Psychological Egoism

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Chelsea Gee Philosophy September 11, 2013 Psychological Egoism Psychological Egoism is the position that the ultimate motive of all actions is selfish. It is not the position that everyone should be motivated by selfish desires, but rather that they are motivated by selfish desires. This is supposed to be a psychological fact of human motivations. Joel Feinberg presents a multitude of arguments against psychological egoistic hedonism. There are four “arguments” which support psychological egoism: (a) “Every action of mine is prompted by motives or desires or impulses which are my motives and not somebody else’s.” (b) “When a person gets what she or he wants, she or he feels pleasure.” (c) “We often deceive ourselves about our…show more content…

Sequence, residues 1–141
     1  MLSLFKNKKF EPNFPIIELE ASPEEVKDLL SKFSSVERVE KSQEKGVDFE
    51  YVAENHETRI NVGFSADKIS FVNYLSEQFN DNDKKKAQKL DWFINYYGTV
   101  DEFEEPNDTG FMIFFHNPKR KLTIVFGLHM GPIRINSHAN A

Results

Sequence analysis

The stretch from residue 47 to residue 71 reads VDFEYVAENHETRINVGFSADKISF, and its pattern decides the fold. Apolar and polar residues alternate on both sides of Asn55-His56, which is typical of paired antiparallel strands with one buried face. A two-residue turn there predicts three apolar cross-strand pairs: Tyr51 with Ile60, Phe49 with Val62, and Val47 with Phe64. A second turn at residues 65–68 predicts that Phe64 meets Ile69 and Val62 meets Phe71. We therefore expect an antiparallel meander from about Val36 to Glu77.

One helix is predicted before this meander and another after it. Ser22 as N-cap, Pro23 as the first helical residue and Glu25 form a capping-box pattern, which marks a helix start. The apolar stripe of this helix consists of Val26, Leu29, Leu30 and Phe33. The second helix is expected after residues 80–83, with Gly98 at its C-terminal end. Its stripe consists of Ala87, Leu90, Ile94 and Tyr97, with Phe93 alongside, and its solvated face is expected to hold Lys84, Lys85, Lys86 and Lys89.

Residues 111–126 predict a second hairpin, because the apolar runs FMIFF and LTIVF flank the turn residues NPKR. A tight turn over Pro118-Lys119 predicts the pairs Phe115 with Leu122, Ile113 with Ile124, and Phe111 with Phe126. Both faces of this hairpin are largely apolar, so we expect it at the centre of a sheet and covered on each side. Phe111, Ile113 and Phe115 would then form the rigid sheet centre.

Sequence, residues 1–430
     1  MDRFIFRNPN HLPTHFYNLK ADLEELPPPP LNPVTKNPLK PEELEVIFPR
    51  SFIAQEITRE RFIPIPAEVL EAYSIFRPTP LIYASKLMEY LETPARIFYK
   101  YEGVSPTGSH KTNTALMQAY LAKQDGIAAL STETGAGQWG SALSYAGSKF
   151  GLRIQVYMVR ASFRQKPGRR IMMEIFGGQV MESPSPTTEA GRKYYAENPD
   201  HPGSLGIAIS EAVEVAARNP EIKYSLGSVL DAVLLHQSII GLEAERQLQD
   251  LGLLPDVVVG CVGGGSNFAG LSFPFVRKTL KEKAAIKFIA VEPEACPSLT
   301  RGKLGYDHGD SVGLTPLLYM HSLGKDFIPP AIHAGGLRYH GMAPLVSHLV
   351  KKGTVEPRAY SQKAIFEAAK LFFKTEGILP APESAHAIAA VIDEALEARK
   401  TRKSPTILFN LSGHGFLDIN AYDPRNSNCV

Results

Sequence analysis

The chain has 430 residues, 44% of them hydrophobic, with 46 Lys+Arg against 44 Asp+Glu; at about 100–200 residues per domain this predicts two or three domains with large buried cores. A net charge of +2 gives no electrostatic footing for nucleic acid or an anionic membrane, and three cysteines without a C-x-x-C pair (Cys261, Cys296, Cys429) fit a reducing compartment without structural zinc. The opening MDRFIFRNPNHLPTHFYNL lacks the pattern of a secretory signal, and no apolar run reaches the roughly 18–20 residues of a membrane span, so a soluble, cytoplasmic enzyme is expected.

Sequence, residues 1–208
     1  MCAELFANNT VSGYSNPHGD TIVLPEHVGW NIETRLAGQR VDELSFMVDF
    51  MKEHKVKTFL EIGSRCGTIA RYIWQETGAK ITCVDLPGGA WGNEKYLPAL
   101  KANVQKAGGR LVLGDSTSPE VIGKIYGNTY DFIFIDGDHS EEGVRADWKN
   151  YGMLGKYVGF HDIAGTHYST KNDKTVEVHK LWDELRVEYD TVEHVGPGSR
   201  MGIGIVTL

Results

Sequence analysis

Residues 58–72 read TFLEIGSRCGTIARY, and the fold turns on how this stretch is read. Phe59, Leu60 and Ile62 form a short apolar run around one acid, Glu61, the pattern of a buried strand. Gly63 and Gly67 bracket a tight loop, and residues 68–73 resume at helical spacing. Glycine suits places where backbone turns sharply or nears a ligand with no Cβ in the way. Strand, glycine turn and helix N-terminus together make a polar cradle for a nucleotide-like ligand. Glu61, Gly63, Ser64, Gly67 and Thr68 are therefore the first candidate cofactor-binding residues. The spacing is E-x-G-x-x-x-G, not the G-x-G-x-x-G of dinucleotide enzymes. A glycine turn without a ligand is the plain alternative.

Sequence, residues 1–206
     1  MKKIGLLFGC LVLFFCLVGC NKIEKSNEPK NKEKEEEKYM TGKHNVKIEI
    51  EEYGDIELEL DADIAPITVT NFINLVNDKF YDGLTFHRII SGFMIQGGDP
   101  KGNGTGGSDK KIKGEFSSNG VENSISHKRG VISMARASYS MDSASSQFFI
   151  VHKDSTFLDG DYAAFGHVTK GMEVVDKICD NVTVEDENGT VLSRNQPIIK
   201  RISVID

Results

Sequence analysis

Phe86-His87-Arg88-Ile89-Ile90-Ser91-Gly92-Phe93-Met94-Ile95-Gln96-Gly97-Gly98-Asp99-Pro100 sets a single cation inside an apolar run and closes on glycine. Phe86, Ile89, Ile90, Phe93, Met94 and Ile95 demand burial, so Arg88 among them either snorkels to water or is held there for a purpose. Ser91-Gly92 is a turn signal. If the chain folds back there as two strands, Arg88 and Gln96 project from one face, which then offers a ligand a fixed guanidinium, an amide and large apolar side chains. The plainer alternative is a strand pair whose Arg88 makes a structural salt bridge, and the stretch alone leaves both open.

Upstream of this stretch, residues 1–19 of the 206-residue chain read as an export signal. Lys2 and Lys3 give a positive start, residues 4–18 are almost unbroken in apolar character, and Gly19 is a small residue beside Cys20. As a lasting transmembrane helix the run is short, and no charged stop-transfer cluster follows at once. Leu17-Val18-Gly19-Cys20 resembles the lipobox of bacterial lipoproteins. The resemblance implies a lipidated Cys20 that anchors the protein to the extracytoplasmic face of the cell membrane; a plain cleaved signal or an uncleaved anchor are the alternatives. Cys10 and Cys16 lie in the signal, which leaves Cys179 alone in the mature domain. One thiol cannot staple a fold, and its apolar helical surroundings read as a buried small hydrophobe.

It can also be defined as a “certain indefinable characteristic of physical sensation” (p 434). You may also receive Pleasure2 from satisfaction of something such as “knowledge, religious experience, and aesthetic expression” (p 433). Pleasure2 refers to “the feeling of satisfaction that often comes when one gets what one desires” (p 434). In conclusion, Joel Feinberg argues against egoists and their Psychological Egoism theory. People can be happy, Feinberg claims, only when they desire something other than their own happiness. And since many people are happy, it follows that many people do desire something other than their own happiness. Therefore, psychological egoism is
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